We will be looking at that. I understand the hon. Lady’s point. I want to engage with the experts—the ManKind Initiative, Women’s Aid and Refuge—to look at it and identify the problems. I am not in charge of UC; I am in charge of trying to make it better for those with complex needs, including victims of domestic abuse. That is a real priority for me.
I welcome the work of the Work and Pensions Committee and the fact that its report states:
“Since 2010, the Government has begun to make great strides in tackling domestic abuse…
It has also demonstrated a clear commitment to being more supportive of survivors of domestic abuse.”
Although we are not everything, we play an important role, and I take that seriously.
I am conscious of time, so let me address the specific point about split payments. I welcome the fact that Scotland wishes to try them. As it stands, anybody who is a victim of domestic abuse can be given a split payment. I accept the point that there are then challenges—not unreasonably, the hon. Member for Midlothian said that the current recipient would notice that it was potentially half of the income. We need to look at Scotland because we have to learn from the test and look at the unintended consequences.
Those groups that campaigned for a split payment do not agree on how to split it. It is not the case that everybody would simply do it 50:50. If the state arbitrarily says that somebody should have 70% and somebody else should have 30%, that could have unintended consequences. That may not mean that it is not the right way to do it, but it is why we have committed to give support to the Scottish Parliament to do its pilot. The pilot will cover a sufficiently large area for us to draw good information from it and decide whether split payments are the way to go or whether—because of unintended consequences, and despite the good intentions—they are not.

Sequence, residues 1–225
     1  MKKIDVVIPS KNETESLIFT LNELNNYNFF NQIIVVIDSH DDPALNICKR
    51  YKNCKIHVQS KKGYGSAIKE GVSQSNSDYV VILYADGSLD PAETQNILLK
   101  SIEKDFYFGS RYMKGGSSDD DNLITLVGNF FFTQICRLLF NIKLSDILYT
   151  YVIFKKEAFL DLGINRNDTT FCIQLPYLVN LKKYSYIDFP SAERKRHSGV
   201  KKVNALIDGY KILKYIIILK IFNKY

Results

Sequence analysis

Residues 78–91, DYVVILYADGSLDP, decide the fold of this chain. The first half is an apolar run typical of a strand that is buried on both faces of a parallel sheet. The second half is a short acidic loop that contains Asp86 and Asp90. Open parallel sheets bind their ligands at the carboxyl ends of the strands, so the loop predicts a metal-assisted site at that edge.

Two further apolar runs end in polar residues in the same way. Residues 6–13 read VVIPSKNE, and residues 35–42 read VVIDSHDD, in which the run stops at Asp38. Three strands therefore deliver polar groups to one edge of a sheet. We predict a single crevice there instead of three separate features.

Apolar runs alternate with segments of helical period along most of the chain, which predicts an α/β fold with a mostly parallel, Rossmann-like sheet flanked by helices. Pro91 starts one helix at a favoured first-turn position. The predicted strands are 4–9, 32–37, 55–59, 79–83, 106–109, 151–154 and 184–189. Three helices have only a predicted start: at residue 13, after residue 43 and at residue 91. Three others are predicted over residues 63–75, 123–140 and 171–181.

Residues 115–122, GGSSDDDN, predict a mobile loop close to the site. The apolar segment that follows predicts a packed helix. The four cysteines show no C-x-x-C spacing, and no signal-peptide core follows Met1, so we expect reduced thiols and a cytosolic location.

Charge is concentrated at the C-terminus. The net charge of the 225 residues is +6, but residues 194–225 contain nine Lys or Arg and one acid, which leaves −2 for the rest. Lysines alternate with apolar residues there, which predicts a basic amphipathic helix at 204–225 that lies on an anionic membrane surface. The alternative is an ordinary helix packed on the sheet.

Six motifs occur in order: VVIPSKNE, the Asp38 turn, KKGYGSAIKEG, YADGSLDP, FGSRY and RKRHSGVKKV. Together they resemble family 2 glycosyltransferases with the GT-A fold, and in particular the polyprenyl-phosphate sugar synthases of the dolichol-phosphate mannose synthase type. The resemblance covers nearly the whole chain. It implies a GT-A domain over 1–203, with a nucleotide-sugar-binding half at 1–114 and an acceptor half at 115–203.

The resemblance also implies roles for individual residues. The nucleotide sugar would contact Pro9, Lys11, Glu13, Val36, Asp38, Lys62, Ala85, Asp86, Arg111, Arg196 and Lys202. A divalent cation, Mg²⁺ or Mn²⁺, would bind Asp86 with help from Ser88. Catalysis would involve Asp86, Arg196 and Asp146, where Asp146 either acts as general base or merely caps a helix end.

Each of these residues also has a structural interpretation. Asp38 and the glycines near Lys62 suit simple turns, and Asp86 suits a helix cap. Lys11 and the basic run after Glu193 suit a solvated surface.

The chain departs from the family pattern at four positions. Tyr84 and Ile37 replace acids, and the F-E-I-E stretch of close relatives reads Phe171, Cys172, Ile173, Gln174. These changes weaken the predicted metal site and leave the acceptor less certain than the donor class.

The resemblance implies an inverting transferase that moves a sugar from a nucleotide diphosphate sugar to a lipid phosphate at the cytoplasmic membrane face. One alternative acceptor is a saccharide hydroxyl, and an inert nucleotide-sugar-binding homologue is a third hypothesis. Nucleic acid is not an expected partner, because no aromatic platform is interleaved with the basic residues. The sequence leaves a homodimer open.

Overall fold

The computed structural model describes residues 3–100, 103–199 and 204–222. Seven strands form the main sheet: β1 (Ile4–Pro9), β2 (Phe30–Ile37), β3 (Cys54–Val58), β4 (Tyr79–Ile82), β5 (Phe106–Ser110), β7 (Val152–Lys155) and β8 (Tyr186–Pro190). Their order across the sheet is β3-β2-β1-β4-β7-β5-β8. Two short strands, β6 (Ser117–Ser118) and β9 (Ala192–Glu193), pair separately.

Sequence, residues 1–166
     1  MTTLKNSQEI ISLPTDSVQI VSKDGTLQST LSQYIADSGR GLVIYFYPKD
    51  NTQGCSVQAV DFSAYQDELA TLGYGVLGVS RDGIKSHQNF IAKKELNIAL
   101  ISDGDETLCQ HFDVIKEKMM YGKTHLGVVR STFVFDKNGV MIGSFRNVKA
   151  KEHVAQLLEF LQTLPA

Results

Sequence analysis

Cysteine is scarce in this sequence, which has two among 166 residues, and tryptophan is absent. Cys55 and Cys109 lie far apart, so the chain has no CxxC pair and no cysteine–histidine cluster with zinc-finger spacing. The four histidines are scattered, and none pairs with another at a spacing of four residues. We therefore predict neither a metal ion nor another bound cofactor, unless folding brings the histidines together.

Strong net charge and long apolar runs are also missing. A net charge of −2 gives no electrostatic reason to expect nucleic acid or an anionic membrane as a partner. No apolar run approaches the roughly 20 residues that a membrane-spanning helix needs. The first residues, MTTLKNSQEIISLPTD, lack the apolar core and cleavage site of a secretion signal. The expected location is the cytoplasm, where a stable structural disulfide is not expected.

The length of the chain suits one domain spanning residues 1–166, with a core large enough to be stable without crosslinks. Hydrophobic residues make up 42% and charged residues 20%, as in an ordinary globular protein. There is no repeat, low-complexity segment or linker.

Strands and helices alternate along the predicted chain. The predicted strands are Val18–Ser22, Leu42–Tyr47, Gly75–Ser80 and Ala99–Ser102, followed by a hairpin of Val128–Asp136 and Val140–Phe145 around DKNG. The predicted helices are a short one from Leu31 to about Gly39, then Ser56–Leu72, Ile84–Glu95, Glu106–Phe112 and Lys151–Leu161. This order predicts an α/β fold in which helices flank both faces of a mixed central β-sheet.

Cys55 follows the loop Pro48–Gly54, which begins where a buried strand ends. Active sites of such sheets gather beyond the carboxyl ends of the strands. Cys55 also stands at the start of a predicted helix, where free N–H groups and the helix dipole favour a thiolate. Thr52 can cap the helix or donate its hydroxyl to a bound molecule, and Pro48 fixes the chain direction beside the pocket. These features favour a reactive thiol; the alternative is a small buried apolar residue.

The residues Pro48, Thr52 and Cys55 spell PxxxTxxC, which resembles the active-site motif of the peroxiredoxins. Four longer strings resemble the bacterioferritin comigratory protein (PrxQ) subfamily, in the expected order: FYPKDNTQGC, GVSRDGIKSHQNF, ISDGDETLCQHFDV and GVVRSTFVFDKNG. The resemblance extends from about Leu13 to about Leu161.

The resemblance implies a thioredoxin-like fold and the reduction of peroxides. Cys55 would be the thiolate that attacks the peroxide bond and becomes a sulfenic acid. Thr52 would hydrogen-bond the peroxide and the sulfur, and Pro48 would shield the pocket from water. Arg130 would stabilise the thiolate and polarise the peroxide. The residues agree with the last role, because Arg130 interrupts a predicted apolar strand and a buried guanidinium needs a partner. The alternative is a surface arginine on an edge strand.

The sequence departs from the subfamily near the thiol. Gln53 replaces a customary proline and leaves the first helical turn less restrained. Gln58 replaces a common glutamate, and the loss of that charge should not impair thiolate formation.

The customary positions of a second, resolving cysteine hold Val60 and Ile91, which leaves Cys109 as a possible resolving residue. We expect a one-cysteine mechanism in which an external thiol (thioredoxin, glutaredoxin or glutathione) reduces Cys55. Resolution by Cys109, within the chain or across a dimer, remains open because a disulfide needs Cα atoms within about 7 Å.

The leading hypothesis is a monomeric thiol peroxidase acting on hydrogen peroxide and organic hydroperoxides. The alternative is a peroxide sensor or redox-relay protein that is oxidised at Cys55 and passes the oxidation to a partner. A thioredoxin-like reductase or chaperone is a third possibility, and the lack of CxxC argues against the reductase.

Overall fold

The answer to the specific question of whether the Scottish Government have introduced suggestions on how to do split payments or a plan for legislation is, “Absolutely not.” I suspect, in their defence, that that is because the issue of how the payments are split is so complex. However, they will get our full support to make whatever they do work. Just to be clear, the principle of having household income is not new to UC; it has been the case for legacy benefits since the dawn of time. That does not mean that it is right, but we will look closely at the Scottish Government.